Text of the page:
Coronavirus disease 2019 (COVID-19) has caused serious public health, social, and economic damage worldwide and effective drugs that prevent or cure COVID-19 are urgently needed. Approved drugs including Hydroxychloroquine, Remdesivir or Interferon were reported to inhibit the infection or propagation of severe acute respiratory syndrome-related coronavirus 2 (SARS-CoV-2), however, their clinical efficacies have not yet been well demonstrated. To identify drugs with higher antiviral potency, we screened approved anti-parasitic/anti-protozoal drugs and identified an anti-malarial drug, Mefloquine, which showed the highest anti-SARS-CoV-2 activity among the tested compounds. Mefloquine showed higher anti-SARS-CoV-2 activity than Hydroxychloroquine in VeroE6/TMPRSS2 and Calu-3 cells, with IC50 = 1.28 µM, IC90 = 2.31 µM, and IC99 = 4.39 µM in VeroE6/TMPRSS2 cells. Mefloquine inhibited viral entry after viral attachment to the target cell. Combined treatment with Mefloquine and Nelfinavir, a replication inhibitor, showed synergistic antiviral activity. Our mathematical modeling based on the drug concentration in the lung predicted that Mefloquine administration at a standard treatment dosage could decline viral dynamics in patients, reduce cumulative viral load to 7% and shorten the time until virus elimination by 6.1 days. These data cumulatively underscore Mefloquine as an anti-SARS-CoV-2 entry inhibitor.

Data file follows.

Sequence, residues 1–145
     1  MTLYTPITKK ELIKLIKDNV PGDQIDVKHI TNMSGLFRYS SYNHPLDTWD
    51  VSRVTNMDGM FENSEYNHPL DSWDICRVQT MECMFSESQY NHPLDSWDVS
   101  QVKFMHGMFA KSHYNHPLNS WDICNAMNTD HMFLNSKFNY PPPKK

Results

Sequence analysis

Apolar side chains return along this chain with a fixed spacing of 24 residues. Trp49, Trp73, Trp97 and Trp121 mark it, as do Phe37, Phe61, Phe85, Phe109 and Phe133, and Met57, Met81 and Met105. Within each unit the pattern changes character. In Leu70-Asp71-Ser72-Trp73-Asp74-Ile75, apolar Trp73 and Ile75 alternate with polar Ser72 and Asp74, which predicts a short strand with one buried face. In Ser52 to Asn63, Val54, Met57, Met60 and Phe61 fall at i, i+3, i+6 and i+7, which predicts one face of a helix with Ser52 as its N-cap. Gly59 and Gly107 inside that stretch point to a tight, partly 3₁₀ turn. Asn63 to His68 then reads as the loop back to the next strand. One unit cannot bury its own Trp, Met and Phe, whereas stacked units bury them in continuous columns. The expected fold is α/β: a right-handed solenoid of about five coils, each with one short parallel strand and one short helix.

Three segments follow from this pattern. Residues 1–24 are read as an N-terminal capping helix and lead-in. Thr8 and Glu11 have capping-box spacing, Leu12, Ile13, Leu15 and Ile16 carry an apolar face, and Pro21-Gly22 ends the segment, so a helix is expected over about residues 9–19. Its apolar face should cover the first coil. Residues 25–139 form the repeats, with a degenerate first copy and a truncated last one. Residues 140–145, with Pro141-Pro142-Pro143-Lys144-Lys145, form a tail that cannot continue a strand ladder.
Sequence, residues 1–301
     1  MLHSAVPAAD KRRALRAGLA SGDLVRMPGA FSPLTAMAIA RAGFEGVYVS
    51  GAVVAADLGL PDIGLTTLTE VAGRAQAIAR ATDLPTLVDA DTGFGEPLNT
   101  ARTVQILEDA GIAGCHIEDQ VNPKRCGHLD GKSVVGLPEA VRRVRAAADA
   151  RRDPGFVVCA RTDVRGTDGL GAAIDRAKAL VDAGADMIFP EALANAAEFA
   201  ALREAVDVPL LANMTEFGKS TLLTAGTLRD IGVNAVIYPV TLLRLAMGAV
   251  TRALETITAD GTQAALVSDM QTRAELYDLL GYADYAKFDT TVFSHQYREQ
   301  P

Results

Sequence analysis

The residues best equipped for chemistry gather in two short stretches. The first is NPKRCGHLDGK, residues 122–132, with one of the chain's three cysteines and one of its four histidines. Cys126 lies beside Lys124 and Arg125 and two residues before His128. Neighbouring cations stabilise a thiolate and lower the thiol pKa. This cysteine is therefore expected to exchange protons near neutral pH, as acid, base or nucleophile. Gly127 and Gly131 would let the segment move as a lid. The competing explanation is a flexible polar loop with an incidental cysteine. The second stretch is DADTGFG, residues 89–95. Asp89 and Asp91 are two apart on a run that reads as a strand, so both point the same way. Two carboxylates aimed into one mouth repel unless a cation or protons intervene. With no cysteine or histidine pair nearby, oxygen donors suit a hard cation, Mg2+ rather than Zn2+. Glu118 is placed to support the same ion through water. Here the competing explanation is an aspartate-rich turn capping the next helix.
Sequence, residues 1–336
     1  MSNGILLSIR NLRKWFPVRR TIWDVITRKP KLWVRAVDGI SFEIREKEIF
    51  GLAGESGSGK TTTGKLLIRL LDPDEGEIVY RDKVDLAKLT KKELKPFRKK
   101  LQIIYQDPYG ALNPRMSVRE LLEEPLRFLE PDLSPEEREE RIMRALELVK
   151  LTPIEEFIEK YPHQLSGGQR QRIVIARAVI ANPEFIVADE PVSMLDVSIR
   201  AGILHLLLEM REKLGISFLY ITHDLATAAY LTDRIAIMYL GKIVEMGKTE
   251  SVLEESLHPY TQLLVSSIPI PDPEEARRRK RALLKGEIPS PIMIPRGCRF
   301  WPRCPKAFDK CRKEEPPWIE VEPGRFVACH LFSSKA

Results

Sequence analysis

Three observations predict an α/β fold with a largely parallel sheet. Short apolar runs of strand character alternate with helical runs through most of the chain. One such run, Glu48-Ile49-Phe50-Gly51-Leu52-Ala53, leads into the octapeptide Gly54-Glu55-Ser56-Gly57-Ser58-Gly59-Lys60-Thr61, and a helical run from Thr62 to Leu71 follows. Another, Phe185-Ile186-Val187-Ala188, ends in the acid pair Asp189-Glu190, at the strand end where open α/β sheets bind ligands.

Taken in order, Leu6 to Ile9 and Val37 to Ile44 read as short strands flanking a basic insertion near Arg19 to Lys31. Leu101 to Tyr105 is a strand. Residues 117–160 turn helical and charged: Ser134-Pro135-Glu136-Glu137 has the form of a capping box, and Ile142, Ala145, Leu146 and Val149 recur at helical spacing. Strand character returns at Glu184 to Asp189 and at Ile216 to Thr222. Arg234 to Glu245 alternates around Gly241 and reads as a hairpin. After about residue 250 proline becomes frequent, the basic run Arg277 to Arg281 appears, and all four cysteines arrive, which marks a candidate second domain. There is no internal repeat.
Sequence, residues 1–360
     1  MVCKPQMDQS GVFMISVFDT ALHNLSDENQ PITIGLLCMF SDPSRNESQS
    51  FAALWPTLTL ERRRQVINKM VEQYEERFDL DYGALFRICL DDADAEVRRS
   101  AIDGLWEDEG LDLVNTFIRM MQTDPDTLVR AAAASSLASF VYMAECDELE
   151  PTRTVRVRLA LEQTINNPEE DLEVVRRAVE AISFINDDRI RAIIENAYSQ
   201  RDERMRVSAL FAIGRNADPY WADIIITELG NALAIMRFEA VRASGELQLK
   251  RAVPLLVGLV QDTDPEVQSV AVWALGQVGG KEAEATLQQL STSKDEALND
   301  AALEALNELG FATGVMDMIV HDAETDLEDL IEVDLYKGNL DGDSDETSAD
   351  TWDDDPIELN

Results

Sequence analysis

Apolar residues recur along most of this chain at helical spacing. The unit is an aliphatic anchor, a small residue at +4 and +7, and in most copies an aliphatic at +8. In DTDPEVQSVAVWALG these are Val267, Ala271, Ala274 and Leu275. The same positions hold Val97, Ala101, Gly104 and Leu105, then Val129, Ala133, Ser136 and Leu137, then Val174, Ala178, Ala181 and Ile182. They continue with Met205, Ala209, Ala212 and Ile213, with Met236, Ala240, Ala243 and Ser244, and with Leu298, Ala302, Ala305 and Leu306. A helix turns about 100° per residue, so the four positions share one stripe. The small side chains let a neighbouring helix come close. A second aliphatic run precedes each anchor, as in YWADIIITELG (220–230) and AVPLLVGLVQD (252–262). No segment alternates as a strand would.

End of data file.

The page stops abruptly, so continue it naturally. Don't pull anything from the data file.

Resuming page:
12.
Trials ; 22(1): 309, 2021 Apr 28.
Article in English | MEDLINE | ID: covidwho-1207605

ABSTRACT